Saturday, May 28, 2011

Intrinsically Sexual

Sexuality is crucial to God’s design that [we] do not dwell in isolation and loneliness but in communion and community. Through the incarnation, God not only participates in human sexual experiences but God is intrinsically sexual.

– Ng Chin-pang

Taken from Courage To Love: Liturgies for the Lesbian, Gay, Bisexual, and Transgender Community (compiled by Geoffrey Duncan, Pilgrim Press, 2002) and dedicated to my friend Anthony.

See also the previous Wild Reed posts:
It Is Not Good to Be Alone
Making Love, Giving Life
The Many Manifestations of God’s Loving Embrace
Trusting God’s Generous Invitation
Song of Songs: The Bible’s Gay Love Poem
The “Ratzinger Letter” of 1986 as “Theological Pornography”
God is Love
Just Now and Then
Getting It Right
Dreaming a Little Dream (on the Dangerous and Delightful Edge)
Lover of Us All
Our Memory of Eden
One Fearless Kiss
Liberated to Be Together
It Happens All the Time in Heaven
Love is Love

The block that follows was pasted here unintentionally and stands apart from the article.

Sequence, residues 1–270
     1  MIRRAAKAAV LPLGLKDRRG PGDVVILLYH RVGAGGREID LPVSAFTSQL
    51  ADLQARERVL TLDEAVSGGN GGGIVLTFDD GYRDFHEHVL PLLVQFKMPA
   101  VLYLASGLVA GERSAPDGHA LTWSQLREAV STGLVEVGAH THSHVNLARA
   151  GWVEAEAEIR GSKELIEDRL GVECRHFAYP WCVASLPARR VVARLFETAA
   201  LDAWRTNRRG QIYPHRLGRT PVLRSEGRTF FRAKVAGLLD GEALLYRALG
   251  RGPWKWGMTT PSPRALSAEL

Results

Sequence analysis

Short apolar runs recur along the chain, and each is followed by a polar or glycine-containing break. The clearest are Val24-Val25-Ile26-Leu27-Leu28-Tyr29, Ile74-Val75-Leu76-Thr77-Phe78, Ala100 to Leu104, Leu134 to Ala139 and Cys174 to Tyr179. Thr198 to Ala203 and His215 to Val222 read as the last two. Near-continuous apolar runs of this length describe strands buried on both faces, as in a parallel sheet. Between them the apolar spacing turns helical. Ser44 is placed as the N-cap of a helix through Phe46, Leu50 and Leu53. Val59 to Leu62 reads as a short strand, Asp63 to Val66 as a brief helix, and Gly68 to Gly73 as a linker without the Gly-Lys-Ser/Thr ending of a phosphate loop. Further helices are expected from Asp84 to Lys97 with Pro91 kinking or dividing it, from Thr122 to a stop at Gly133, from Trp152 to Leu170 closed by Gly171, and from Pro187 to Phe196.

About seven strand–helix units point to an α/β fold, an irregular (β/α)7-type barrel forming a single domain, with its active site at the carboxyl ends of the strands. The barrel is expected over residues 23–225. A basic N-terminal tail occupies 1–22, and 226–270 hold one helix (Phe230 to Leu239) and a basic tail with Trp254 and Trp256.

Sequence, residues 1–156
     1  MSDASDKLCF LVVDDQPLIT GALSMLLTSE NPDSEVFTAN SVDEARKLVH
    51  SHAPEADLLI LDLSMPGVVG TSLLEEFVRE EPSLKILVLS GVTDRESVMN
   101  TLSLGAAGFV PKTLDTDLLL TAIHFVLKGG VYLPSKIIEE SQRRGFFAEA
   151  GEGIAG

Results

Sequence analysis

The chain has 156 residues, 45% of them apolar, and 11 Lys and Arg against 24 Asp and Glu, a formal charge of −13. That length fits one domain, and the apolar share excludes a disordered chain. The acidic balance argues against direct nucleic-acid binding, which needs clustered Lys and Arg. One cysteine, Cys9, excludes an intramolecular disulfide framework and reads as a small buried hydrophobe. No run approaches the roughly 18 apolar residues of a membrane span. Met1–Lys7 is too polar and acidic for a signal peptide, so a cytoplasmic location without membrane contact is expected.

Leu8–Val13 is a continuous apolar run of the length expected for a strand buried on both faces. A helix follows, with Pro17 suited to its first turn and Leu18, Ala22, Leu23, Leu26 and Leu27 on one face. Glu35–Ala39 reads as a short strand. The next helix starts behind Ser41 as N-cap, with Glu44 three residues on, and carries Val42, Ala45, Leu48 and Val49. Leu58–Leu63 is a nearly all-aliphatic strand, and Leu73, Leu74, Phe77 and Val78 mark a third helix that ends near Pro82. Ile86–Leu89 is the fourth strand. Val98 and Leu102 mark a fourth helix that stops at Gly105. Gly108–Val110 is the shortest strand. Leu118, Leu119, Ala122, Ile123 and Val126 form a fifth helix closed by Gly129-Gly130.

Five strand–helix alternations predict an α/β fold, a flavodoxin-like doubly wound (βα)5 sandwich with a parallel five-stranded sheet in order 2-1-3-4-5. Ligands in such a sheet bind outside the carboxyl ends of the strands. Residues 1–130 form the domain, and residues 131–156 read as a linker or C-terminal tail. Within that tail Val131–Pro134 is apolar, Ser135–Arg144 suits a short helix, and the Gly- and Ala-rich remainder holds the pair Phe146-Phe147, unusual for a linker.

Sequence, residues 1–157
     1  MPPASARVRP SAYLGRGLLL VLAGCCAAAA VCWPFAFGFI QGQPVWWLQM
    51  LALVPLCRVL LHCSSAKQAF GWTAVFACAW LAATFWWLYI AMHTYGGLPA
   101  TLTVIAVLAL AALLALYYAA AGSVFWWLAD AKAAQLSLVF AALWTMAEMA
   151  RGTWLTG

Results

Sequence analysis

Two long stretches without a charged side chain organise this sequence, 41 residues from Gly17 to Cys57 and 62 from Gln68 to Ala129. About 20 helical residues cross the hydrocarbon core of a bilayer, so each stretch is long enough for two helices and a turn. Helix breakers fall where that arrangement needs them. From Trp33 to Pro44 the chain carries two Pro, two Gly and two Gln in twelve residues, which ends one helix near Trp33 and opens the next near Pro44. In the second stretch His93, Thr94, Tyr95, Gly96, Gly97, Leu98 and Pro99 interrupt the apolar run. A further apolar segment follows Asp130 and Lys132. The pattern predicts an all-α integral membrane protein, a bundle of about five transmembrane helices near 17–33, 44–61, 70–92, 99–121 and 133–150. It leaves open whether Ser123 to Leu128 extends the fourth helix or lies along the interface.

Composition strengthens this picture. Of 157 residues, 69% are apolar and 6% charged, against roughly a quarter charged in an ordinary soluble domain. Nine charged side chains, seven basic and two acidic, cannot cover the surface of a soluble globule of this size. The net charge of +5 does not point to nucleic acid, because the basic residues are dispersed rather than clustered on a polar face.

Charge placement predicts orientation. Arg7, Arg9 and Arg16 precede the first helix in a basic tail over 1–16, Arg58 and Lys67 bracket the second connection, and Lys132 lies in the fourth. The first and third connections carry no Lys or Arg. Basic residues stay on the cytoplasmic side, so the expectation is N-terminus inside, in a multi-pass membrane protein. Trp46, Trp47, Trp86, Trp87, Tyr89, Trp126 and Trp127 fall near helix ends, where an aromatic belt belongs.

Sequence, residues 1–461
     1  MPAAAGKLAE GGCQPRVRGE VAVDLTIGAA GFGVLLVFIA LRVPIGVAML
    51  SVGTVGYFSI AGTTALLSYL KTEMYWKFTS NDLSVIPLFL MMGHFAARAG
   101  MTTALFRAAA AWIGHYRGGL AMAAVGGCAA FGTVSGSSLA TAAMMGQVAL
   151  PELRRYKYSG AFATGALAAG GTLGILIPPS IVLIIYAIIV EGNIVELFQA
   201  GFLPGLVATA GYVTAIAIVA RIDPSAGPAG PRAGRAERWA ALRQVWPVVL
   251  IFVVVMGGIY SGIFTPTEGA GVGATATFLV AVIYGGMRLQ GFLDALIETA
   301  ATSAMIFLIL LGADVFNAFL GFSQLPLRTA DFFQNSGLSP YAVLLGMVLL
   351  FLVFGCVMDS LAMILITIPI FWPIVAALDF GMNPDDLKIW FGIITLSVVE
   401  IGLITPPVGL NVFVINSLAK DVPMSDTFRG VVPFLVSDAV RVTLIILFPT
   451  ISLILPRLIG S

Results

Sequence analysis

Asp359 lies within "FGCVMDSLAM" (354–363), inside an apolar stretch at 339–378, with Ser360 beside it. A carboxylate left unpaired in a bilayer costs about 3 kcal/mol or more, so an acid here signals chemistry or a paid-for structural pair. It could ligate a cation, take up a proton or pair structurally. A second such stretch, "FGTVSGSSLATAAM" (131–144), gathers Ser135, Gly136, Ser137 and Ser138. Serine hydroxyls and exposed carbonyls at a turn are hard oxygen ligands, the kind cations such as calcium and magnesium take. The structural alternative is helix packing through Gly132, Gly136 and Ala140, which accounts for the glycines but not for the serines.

And Love is Lord of All

Image: Subjects and photographer unknown.


Anonymous said...

God is not intrinsically sexual. God is intrinsically a spirit whose essense is being.

Human sexuality is merely a symbol of the relationship that exists between God and His Church, which is itself a symbol of the relationship that exists within the Trinity.

Michael J. Bayly said...

. . . all of which to me sounds totally uninspiring and a load of old gobbledygook.

If this is the best the "official" church can offer, it's no wonder people are leaving in droves.

Maybe part of the problem is in different understandings of sexuality. If you limit sexuality to physical acts than, no, God isn't "intrinsically sexual." But if we understand sexuality as a powerful sacred (erotic) energy force that invites us to be co-creators with it of liberation, compassion and all manner of "new life," then, yes, I definitely think we can say that God is intrinsically sexual. Indeed, it's quite a beautiful, poetic and inspiring image.

You seem to be attempting to speak of sexuality and spirituality, EH, strictly in the language of doctrine -- and a very narrow doctrine at that. That's never seemed to me to be the best way to approach and talk about the connections between spirituality and sexuality.

And you've actually proven my point. Your words highlight a very limited and dismissive view of sexuality (it's "merely a symbol"). I would wager that for most people it's a way of understanding and speaking about sexuality that is woefully inadequate and meaningless.

I think that, as a Church, we can and should do better, don't you?